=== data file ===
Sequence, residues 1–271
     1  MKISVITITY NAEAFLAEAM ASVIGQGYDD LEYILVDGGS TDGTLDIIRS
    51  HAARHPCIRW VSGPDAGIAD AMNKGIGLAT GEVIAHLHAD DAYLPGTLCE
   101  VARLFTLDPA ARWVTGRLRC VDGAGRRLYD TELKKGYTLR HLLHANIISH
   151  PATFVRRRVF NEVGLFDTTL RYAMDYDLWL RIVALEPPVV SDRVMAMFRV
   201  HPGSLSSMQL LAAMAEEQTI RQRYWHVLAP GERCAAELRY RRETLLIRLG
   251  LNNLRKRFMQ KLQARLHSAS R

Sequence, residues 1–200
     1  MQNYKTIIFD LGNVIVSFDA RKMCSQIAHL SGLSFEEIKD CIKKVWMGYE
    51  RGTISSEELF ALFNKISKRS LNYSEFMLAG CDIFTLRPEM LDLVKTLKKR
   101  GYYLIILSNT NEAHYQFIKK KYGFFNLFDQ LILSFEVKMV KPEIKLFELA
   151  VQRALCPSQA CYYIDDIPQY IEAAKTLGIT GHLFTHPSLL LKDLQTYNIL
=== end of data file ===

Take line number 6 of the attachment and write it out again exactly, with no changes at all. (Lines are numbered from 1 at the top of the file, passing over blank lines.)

   201  HPGSLSSMQL LAAMAEEQTI RQRYWHVLAP GERCAAELRY RRETLLIRLG